It is an extremely hard thing when we have to give bad news, or tell a hurtful truth to someone. How do you go about saying something hurtful without it coming out mean? This is a hard thing to learn, and I don’t even know that I have it down at all. But I have been learning how to try. Breaking bad news, or telling someone something that could be hurtful, takes a good balance of effective and appropriate messages. This means getting your point across, with an appropriate amount of tact and good judgement. For me, my messages seem to fall into the either/or categories. I can tell and effective message, but it may come across as blunt and unfeeling. Or I can say the “right” appropriate message, but it’s a watered-down version of what I’d actually like to say. It’s a tricky thing to do, find the center of the two.
But there are some extremes to avoid.
There is the extreme of saying the appropriate thing, but not the truthful thing-just accommodating someone so you don’t hurt their feelings. This is bad for a few reasons. One, they won’t know that what they are doing is really hurting you, or offending you in some way. Two, it establishes in their head that whatever it is, it’s okay-which may cause problems in the future. Three, it isn’t good for you, because you may still feel upset at whatever they are doing, and they won’t know why. It causes a lot of miscommunication when you just let someone do something, so you don’t have to talk about the subject. A step towards good communication is being willing to talk about the things that personally bother you, or things that may not be pleasant to discuss.
The other extreme is being completely blunt with a person and saying everything you feel. This causes a few problems as well. One, it may make the other person feel inferior, like they aren’t able to do anything right. Two, it imbalances the relationship towards you-in an unhealthy manner of controlling. And three, it may make the other person feel like they can’t do/say things around you, for fear of harsh criticism. This can also cause them to accommodate YOU, which leads to the misconception that everything is fine, even when it isn’t. It also may mean that they don’t want you to be their bearer of bad news-even if you mean well, a harsh, blunt demeanor is very off-putting to people.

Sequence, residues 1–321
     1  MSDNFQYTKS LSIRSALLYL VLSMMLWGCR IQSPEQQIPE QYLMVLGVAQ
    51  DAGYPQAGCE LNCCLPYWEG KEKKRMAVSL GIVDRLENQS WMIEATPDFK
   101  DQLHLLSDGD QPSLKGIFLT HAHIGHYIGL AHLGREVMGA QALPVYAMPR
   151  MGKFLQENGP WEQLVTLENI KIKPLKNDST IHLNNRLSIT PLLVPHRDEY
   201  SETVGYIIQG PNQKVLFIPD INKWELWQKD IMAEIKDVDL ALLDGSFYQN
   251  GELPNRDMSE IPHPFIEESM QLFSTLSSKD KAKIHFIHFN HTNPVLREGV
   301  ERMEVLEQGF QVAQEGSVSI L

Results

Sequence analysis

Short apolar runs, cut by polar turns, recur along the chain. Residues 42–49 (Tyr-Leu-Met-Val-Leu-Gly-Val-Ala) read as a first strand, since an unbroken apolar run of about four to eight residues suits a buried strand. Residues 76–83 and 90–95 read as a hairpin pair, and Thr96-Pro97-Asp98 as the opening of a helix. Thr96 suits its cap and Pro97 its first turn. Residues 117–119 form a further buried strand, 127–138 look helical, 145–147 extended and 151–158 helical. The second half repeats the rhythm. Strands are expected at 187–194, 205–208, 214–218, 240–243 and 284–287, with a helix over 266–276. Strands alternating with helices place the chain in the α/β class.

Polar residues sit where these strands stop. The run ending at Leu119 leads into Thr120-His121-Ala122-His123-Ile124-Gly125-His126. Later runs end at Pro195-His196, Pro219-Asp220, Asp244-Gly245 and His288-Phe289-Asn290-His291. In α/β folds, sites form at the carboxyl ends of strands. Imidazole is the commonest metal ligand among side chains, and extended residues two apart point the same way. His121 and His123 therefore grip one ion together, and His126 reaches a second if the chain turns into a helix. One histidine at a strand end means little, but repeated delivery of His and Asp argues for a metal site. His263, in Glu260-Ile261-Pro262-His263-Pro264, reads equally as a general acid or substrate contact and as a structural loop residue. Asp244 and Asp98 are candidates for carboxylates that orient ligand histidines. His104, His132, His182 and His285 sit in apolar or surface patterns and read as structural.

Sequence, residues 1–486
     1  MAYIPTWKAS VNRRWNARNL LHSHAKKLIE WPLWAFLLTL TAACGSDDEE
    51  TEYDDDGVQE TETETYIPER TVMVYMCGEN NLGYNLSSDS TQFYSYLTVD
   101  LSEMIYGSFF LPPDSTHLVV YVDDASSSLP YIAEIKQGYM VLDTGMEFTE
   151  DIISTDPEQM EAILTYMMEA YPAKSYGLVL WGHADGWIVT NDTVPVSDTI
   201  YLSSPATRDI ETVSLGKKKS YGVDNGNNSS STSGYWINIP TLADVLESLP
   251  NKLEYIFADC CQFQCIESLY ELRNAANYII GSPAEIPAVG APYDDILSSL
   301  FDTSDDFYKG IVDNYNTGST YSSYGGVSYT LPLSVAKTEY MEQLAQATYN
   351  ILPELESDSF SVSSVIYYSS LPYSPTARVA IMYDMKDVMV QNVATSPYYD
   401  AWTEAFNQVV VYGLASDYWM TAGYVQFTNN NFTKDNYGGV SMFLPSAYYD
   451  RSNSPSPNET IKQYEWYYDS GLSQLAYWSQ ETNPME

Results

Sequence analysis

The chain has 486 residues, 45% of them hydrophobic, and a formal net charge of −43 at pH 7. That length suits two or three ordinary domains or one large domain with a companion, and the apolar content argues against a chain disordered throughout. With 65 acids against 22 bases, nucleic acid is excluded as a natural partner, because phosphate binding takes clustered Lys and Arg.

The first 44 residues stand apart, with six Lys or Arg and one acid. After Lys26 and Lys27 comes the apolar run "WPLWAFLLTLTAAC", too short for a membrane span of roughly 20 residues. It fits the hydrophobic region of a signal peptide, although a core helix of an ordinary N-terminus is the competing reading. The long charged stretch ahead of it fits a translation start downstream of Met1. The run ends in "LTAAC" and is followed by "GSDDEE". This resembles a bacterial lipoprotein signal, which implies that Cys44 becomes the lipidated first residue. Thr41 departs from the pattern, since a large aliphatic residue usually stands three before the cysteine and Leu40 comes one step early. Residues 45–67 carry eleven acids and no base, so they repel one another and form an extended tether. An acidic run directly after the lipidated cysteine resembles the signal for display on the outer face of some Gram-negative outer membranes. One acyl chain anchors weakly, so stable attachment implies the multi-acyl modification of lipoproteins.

It’s a fine line to walk-but there is a good balance in being truthful, and being appropriate and nice about it. This goes back to being assertive-being able to state your position, while acknowledging the other person and respectfully disagreeing. It takes a lot of emotional intelligence to know when the right time in a conversation it is to say something hard. Sometimes, it’s something that may not need to be brought up. Other times, it may need to be out in the open in order for a conflict or misunderstanding to be resolved. It just takes diligence and a lot of good listening to figure out if now is the time to bring up a particular subject, or later, or whatever. Hard truths and bad news are delicate subjects. It just takes some time to figure out when and where and how to say it. Personally, I struggle with this kind of thing. I am not a particularly tactful guy, and a lot of things I say might be taken differently if I knew how to word it, or when to say it. It’s something that I at least know now, and am starting to work on. Good things will come, eventually. It just takes practice.
Effective/appropriate messages: messages that achieve the goals you and your partner have for the interaction, that conform to the social/relational/ethical expectations of the situation.
accommodating: resolving a conflict by satisfying the other person’s needs or accepting the other person’s ideas while neglecting one’s own needs or ideas.
emotional intelligence: the ability to monitor your own and others’ emotions and to use this information to guide your communications.